The Payment Card Industry Security Standards Council (PCI SSC) maintains, evolves, and promotes Payment Card Industry standards for the safety of cardholder data across the globe. The PCI SSC provides technical and operational requirements for organizations accepting or processing payment transactions. The guidance also applies to software developers and manufacturers of applications and devices used in those transactions.
The Payment Card Industry Data Security Standard (PCI DSS) helps entities understand and implement standards for security policies, technologies, and ongoing processes that protect payment systems from breaches and theft of cardholder data. The standards have historically been revised on a 2-3 year cycle, but the PCI SSC is transitioning to a posture of revising the PCI DSS as required based on changes to the current threat landscape. The current standard revision is PCI DSS Version 3.2, released in April 2016. Any organization that handles payment card information must adhere to the PCI DSS and must demonstrate compliance annually. Tenable SecurityCenter Continuous View (CV) is able to help organizations monitor ongoing PCI DSS compliance by integrating with Tenable Nessus, Tenable Passive Vulnerability Scanner (PVS), and Tenable Log Correlation Engine (LCE).
The PCI Requirement 4 ARC analyzes policy statements related to the fourth PCI DSS requirement. This requirement mandates organizations to encrypt CHD (cardholder data) across open and public networks. CHD is sensitive information that needs to be protected and should be encrypted internally at all times when possible, and must be encrypted if it is being transmitted outside of the CDE.
When CHD needs to leave the organization, such as to send the data to a partner organization, the CHD must be encrypted. Security mechanisms used to encrypt the data may not be up to the appropriate standards for secure communication for data in motion nor storing the data securely at rest. Inadequate security mechanisms can lead to a false sense of security and could be easily compromised. Security teams can use this ARC to identify systems and network devices that expose CHD or are not adequate to protect CHD to adhere with requirement 4 of PCI DSS.
Organizations can configure repositories or asset lists in order to tailor the focus of the ARC. When the ARC is added from the SecurityCenter Feed, the appropriate assets, IP addresses, or repositories can be specified. Assigning one of the options to the ARC will update all filters in the components. By creating static or combination asset lists that include all systems in the Cardholder Data Environment (CDE), each component can be filtered to display results directly related to ongoing PCI security. Using an asset list filter will also allow traffic into and out of the CDE to be monitored. In order to accurately measure an organization’s PCI security posture, asset lists need to be applied as filters to provide results focused on the CDE.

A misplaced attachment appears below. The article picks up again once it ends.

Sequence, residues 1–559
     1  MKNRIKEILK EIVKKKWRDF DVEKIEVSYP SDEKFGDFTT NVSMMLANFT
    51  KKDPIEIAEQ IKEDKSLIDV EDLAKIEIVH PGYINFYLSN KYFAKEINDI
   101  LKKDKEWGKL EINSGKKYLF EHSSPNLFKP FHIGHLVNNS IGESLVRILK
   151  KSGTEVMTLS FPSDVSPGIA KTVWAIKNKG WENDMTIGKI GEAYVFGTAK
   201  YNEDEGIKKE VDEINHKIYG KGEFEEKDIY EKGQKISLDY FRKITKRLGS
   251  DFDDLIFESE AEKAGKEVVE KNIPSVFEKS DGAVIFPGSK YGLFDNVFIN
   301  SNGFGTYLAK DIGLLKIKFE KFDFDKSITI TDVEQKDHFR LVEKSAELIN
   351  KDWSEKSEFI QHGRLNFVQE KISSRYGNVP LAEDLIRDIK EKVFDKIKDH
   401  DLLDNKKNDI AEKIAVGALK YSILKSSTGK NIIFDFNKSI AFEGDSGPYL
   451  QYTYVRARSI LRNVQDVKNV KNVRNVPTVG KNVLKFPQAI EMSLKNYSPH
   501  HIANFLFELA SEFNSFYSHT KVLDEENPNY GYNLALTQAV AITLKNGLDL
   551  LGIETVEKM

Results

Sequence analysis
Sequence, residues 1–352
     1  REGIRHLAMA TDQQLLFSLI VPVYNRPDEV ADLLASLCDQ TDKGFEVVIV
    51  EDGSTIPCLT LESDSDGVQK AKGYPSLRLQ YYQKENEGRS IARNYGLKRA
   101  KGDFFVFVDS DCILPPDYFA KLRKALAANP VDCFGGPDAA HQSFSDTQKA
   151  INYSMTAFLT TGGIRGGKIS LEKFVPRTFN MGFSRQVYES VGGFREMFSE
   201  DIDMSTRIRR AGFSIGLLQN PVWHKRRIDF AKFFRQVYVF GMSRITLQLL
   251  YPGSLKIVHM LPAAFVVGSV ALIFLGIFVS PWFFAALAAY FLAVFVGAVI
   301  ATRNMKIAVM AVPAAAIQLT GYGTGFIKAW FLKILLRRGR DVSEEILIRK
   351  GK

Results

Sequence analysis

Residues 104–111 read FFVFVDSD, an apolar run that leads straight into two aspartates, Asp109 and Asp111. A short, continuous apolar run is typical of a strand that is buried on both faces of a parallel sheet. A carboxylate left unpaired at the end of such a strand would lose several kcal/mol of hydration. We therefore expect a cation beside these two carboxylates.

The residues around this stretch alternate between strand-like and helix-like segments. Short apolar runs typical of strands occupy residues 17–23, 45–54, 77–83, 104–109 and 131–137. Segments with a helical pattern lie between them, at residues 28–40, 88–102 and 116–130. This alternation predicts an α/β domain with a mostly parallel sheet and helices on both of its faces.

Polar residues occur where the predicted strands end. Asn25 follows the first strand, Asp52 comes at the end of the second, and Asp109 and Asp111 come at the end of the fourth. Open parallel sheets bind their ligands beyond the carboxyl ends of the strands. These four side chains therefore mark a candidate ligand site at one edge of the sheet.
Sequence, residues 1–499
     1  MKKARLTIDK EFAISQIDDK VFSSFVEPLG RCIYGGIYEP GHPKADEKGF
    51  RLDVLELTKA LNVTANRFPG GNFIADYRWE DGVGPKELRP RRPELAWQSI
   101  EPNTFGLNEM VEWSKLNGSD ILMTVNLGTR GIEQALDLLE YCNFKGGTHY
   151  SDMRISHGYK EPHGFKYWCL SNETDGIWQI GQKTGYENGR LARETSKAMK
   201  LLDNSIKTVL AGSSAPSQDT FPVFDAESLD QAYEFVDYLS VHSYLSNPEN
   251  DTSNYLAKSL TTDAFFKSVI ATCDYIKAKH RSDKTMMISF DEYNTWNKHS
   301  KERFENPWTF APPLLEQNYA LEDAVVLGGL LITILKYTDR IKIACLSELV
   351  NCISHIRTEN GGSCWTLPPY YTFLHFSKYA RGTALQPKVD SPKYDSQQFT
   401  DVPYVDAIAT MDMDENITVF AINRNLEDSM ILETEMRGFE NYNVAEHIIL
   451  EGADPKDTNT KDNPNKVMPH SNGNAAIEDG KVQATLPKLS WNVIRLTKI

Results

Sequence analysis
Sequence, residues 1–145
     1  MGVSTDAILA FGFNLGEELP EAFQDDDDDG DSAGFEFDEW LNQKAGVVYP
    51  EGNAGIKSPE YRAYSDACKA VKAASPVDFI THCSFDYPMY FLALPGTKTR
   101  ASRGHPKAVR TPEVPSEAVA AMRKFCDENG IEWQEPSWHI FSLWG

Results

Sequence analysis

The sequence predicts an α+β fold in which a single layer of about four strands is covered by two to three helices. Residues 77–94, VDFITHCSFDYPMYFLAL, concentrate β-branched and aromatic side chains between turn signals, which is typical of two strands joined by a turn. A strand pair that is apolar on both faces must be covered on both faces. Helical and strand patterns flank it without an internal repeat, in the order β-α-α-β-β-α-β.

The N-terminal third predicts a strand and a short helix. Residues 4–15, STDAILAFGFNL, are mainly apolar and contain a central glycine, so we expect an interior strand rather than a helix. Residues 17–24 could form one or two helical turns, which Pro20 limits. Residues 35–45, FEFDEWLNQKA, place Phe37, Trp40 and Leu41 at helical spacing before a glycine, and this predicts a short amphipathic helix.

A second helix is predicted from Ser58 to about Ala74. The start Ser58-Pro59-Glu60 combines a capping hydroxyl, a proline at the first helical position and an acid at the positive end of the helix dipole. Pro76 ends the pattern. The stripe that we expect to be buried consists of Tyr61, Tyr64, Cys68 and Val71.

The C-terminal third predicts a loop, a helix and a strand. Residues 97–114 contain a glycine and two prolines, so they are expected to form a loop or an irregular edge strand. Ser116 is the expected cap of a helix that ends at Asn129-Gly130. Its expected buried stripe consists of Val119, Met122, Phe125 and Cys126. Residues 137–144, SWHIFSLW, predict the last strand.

This ARC is available in the SecurityCenter Feed, a comprehensive collection of dashboards, reports, Assurance Report Cards, and assets. The ARC can be easily located in the SecurityCenter Feed under the category Compliance. The ARC requirements are:
- SecurityCenter 5.3.1
- Nessus 6.6.2
- PVS 4.4.1
- LCE 5.0.2
Tenable SecurityCenter Continuous View (CV) provides continuous network monitoring, identification of sensitive data such as cardholder data, and PCI security monitoring. SecurityCenter CV is continuously updated with information about advanced threats and zero-day vulnerabilities, and new types of regulatory compliance configuration audit files such as PCI DSS compliance standards. Tenable constantly analyzes information from our unique sensors, delivering continuous visibility and critical context, enabling decisive action that transforms your security program from reactive to proactive. Active scanning examines the systems on the network, running processes and services, configuration settings, and vulnerabilities. This process helps analysts to identify systems and processes that may be leaking sensitive data such as cardholder data. Continually and passively scanning the network traffic to analyze the servers, desktops and applications helps prioritize security efforts to mitigate threats, data leakage, and weaknesses. With increasing mobile and transient network devices, it is important to have a system in place that continuously monitors for data leakage across environments. Tenable enables powerful, yet non-disruptive, continuous monitoring of your network.